The Subprime Mortgage Mess: 5 Myths Put to Rest
Prine, Carl, Tribune-Review/Pittsburgh Tribune-Review
Sold to the American consumer as a chance for marginal borrowers to buy into the dream of home ownership, "subprime" mortgages are becoming the catalyst for an expected 1 million-plus foreclosures annually for the next few years.
Potential losses of $300 billion for homeowners and lenders -- and an undetermined amount of punishment to a $57 trillion U.S. financial system -- stalk global securities markets and seem poised to tip the nation into economic recession.
Yet despite the headlines of recent weeks generated by the response of markets and governments to the global credit crisis spurred by the subprime meltdown, much of its cause and effect remain shrouded in myth.
In interviews with the Tribune-Review, more than 20 of the nation's real estate, securities and regulatory gurus challenged some of those myths being spun as gospel.
Myth 1: The "subprime crisis" was unexpected and it will ruin the financial system.
To longtime hands at the Federal Deposit Insurance Corp., it isn't nearly as bad as the freefall in real estate and financial houses during the savings and loan crisis of the mid-1980s to early 1990s. Compared to S&L, the subprime mess might not be a "crisis."
"What was happening with subprime was unsustainable, but it's not necessarily new. What we faced during the S&L crisis certainly was far worse. I don't even like calling this a 'subprime crisis.' It's a 'subprime situation,' " said William M. Isaac, former chairman of the FDIC during the most turbulent years of the S&L implosion.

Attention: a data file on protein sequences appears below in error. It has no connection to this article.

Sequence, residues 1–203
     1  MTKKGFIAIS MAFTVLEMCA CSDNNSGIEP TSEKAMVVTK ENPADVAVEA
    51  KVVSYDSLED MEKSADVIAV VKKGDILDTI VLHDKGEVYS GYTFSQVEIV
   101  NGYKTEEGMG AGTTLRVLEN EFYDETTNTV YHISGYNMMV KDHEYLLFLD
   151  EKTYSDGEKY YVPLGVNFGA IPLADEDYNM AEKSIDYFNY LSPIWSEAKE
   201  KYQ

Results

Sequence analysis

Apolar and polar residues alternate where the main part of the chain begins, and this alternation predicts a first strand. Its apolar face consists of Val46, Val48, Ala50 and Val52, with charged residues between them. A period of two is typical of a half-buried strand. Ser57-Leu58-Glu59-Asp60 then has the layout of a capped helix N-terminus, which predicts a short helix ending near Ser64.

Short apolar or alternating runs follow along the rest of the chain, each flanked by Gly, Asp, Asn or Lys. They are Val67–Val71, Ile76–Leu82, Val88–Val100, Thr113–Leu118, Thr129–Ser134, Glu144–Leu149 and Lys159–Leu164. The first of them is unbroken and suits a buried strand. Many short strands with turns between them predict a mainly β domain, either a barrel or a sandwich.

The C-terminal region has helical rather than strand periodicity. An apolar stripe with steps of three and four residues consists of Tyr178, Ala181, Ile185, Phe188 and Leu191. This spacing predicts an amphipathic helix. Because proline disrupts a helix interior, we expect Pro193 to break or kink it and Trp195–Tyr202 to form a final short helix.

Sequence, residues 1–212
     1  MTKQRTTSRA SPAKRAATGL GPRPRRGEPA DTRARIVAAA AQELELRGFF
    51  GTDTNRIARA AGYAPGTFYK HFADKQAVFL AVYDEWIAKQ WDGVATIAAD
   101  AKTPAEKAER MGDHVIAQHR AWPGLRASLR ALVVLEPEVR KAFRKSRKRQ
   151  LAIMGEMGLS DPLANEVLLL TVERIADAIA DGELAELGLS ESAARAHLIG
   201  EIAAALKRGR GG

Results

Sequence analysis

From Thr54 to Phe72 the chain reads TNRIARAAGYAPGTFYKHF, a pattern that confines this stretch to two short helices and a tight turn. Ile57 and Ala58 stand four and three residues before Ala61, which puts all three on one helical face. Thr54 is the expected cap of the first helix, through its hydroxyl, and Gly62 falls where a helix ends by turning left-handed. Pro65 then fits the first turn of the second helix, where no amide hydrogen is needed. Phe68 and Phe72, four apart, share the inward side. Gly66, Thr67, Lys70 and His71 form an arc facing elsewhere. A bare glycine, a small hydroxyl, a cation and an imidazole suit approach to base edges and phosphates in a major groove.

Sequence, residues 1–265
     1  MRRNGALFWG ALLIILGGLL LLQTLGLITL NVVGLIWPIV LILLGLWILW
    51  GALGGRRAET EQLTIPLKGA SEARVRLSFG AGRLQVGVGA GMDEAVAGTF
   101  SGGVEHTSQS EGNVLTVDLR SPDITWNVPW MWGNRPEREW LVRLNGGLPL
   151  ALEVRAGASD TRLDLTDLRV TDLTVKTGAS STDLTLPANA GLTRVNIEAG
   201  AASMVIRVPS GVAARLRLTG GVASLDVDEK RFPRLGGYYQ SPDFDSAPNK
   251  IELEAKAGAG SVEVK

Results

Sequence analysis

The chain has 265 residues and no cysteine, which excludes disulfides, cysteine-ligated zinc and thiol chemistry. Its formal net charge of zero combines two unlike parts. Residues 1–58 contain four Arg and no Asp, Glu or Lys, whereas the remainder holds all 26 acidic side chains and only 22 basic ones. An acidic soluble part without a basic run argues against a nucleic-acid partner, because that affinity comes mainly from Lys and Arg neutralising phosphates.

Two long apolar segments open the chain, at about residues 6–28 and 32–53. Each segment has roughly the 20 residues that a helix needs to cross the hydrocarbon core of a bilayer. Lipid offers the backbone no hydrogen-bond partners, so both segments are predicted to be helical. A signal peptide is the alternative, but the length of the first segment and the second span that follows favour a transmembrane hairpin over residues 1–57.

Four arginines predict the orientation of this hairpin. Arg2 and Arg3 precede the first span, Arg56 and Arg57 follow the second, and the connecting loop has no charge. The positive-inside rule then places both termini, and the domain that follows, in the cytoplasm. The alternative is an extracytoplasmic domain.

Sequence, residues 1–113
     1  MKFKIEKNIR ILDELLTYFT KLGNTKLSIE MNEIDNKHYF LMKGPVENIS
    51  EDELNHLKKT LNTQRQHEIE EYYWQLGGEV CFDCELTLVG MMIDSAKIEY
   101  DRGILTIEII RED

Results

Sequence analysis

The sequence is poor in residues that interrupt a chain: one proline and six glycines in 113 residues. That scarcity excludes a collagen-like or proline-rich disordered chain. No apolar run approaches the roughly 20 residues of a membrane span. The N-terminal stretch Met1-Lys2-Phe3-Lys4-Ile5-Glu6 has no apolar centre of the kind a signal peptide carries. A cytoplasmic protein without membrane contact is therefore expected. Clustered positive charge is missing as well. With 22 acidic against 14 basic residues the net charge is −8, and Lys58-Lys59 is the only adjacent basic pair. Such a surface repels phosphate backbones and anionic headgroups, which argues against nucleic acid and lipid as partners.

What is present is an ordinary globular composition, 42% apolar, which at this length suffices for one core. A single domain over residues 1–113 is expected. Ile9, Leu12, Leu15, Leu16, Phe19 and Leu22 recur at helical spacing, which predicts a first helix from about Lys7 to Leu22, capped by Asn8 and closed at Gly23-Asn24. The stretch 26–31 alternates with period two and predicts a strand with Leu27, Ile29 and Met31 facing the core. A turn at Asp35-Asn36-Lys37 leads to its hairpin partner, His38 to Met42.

Today, Issac is a managing director at LECG, a global expert services firm in Vienna, Va.
"The good thing is that the banking regulatory system so far has done a good job containing the fallout. The subprime situation is not going to harm, in any substantial way, the banking industry. What we're seeing now is more of a sense of panic that will cause more financial losses than anything caused by non-performing loans."
When his watch over the FDIC ended, Isaac served on government panels to corral the S&L crisis and jump-start a home construction slump that had fallen to its lowest rate since World War II. Eventually, federal regulators bailed out most of the $168 billion in losses, closing 1,426 failed lending institutions.
"Subprime" loans emerged from that rubble. By the mid-1990s, changes in federal law and regulatory practices allowed banks to finance mortgages that typically would have been denied to borrowers because of low credit scores or lack of a substantial down payment.
According to the Federal Reserve, in 1995 subprimes accounted for about $65 billion in loans, about 5 percent of a mortgage market heavily weighted toward traditional "prime" borrowers with good credit, proven income history and willingness to put some of their savings down as a deposit. Nearly all loans began with a wannabe borrower's trip to a neighborhood bank.
Eleven years later, however, lenders OK'd nearly 10 times more subprime mortgages -- $625 billion worth -- with about 60 percent of those loans initiated by mostly unlicensed third-party brokers. Prime mortgages had come to make up only about one of every four new loans, according to the Federal Reserve.
Some of those brokers emerged as quick-buck salesmen who were unlikely to weed out potential buyers who couldn't afford the subprime loans they were accepting, according to litigators now bringing class-action lawsuits against some of those brokers.
"We now know that the (broker) community was rampant in fraud, was generally dishonest and took bad credit risks and then layered onto that bad credit, more lies and more deceptions and created investments that were worse than advertised," said Indianapolis- based attorney Tom Hargett, who has won major victories against firms tied to the subprime brokers.
But bankers didn't keep their hands clean. …